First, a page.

So, broadly speaking you’re looking to make capital gains or a sale of business assets or investment assets and just like any Australian, your intention is not to pay any more taxes than is needed on the gain on those when you do sell them.
There’s three main ways, or tax concessions, I see to pay little, less or no tax:
‘CGT’ is ‘capital gains tax’.
Basically, that’s the tax that you pay when you sell an asset like a house, or business, or a portfolio of shares and you make a gain.
You buy a house for $500k, you sell it for $600k – that means you’ve made a ‘capital gain’ of $100k.
Tax might be up to $47,000.
The tax you pay on that capital gain depends on who owned the asset, and any concessions or exemptions you may be eligible for.
You pay CGT on gains you make on things like investment properties, business sales, sale of shares, managed funds (there’s more, but that’s an example).
There is a ‘general discount’ for Capital Gains Tax.
This is available is assets are owned by individuals (people) or trusts (like family trusts, discretionary trusts or even Self Managed Super Funds are classed as a type of trusts – although Super Funds only get 33% discount, not 50%).
The general discount allows an individual or a trust a 50% discount on the tax they pay on their capital gain, so long as they’ve held an asset for more than 12 months.
You buy the same house above in January – then you sell in February the following year (13 months later), still making the same $100k capital gain.
The 50% discount means that you’ll only pay tax on 50% of the gain, or only tax on $50k.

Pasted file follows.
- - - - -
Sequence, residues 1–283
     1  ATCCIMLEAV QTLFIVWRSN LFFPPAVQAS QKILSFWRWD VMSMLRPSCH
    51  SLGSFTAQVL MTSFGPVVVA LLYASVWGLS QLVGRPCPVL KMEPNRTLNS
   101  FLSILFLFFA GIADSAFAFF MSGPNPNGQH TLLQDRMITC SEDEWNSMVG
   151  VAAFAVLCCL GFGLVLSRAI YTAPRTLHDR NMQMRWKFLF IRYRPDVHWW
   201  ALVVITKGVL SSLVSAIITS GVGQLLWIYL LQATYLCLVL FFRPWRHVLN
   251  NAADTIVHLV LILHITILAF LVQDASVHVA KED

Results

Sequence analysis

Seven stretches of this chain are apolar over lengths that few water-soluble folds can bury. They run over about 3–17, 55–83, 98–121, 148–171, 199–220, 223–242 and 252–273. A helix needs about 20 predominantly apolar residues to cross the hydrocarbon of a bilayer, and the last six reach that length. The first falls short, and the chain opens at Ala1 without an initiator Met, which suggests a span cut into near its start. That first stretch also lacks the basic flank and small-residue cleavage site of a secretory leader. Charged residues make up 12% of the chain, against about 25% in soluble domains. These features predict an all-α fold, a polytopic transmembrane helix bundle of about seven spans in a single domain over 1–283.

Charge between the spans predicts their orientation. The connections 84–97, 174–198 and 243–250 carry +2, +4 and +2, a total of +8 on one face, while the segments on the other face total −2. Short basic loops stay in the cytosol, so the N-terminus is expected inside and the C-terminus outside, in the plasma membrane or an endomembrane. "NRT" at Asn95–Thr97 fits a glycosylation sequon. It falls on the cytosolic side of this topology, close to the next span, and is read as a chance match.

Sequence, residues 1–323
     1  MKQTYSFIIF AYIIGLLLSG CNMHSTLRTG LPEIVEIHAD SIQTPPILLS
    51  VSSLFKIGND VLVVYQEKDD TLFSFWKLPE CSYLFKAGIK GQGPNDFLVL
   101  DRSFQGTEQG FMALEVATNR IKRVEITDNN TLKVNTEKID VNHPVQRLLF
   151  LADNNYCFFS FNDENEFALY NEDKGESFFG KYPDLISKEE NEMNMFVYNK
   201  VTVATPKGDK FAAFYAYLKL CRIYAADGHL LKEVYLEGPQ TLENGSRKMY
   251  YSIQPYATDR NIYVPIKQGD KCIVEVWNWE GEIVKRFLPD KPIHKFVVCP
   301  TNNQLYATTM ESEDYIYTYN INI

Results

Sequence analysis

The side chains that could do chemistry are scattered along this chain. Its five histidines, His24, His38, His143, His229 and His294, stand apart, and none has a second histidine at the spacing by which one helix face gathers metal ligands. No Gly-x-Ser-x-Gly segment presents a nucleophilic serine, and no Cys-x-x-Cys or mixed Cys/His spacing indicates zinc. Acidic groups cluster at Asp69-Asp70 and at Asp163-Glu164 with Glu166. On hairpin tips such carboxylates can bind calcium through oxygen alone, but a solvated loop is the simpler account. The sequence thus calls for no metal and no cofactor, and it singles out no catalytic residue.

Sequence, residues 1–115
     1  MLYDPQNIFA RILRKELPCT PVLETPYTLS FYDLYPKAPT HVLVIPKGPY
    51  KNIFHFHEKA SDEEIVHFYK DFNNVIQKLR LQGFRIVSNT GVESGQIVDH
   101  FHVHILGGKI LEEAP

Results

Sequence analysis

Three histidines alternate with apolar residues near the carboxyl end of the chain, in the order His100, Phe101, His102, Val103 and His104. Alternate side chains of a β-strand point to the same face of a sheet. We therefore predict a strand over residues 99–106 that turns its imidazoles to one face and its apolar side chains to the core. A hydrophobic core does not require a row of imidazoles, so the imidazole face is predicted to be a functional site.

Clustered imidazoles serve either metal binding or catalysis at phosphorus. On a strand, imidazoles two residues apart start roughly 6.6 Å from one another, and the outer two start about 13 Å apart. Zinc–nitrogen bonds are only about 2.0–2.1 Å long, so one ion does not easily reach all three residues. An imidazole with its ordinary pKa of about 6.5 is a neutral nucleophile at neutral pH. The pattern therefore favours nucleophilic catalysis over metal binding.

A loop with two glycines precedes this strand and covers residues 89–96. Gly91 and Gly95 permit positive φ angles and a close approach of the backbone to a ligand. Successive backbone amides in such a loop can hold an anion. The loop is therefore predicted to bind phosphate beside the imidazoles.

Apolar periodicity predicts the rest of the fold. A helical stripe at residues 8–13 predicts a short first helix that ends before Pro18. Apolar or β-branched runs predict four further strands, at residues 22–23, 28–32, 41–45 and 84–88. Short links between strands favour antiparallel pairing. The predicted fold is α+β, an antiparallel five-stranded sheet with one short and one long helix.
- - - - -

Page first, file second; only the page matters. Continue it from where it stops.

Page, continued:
Tax has now halved, and you may pay up to $23,500.
So in your superannuation fund, when you’re drawing a pension, the ATO gives you a tax break.
If you’re over the age of 60 and drawing a pension from your super balance (Note: not the transition to a retirement pension), then that tax rate is currently 0% on any income including capital gains. You need to be 60 years old, and your pension balance is taxed at 0%. (There are also other requirements and maximum balances too.)
So, say for instance that today you were to buy a commercial property that your business was renting. You do that through your self managed super fund, or SMSF.
Now, if you held onto that investment until you were 60 years old, and you were drawing down a pension at the time, then any gain on sale of that asset would be taxed at 0%. (This would be assuming your SMSF was 100% pension in your name – or other members also over 60 drawing a pension.)
Let’s put some numbers behind that.
Say you buy a commercial property worth 1 million dollars today, then 30 years later you sell that for 3 million dollars. So you’ve made a 2 million dollar capital gain.
Now, outside of super, if you purchased it in your own name you’d be up for quite a bit of tax, rough numbers $470k in tax.
But if you held the property inside your self managed super fund, you’d pay 0% and $0 in tax. (Again assuming you were 60 years or more, drawing a pension.)
That transaction would save you hundreds of thousands of dollars in tax by careful structuring.
Now, that applies to other investments like a residential investment property sale. Same with shares that you own in listed companies or other people’s businesses. So it’s pretty significant.
It’s like you’re having your own legal tax haven in Australia.
So, that’s the superannuation pathway of paying no tax on sale of assets.
Now, I mentioned at the start the small business capital gains tax exemptions were the other option.
This one applies to capital gains made from selling all or part of a business.
There’s also 4 concessions that are available for small businesses – so they’re pretty powerful tax saving strategies!
The four concessions are:
The great thing about the concessions is that you can apply multiple concessions on the same transaction or ‘sale’.
Now, first we need to make sure that you’re eligible for those exemptions, and there’s three main tests that are looked at.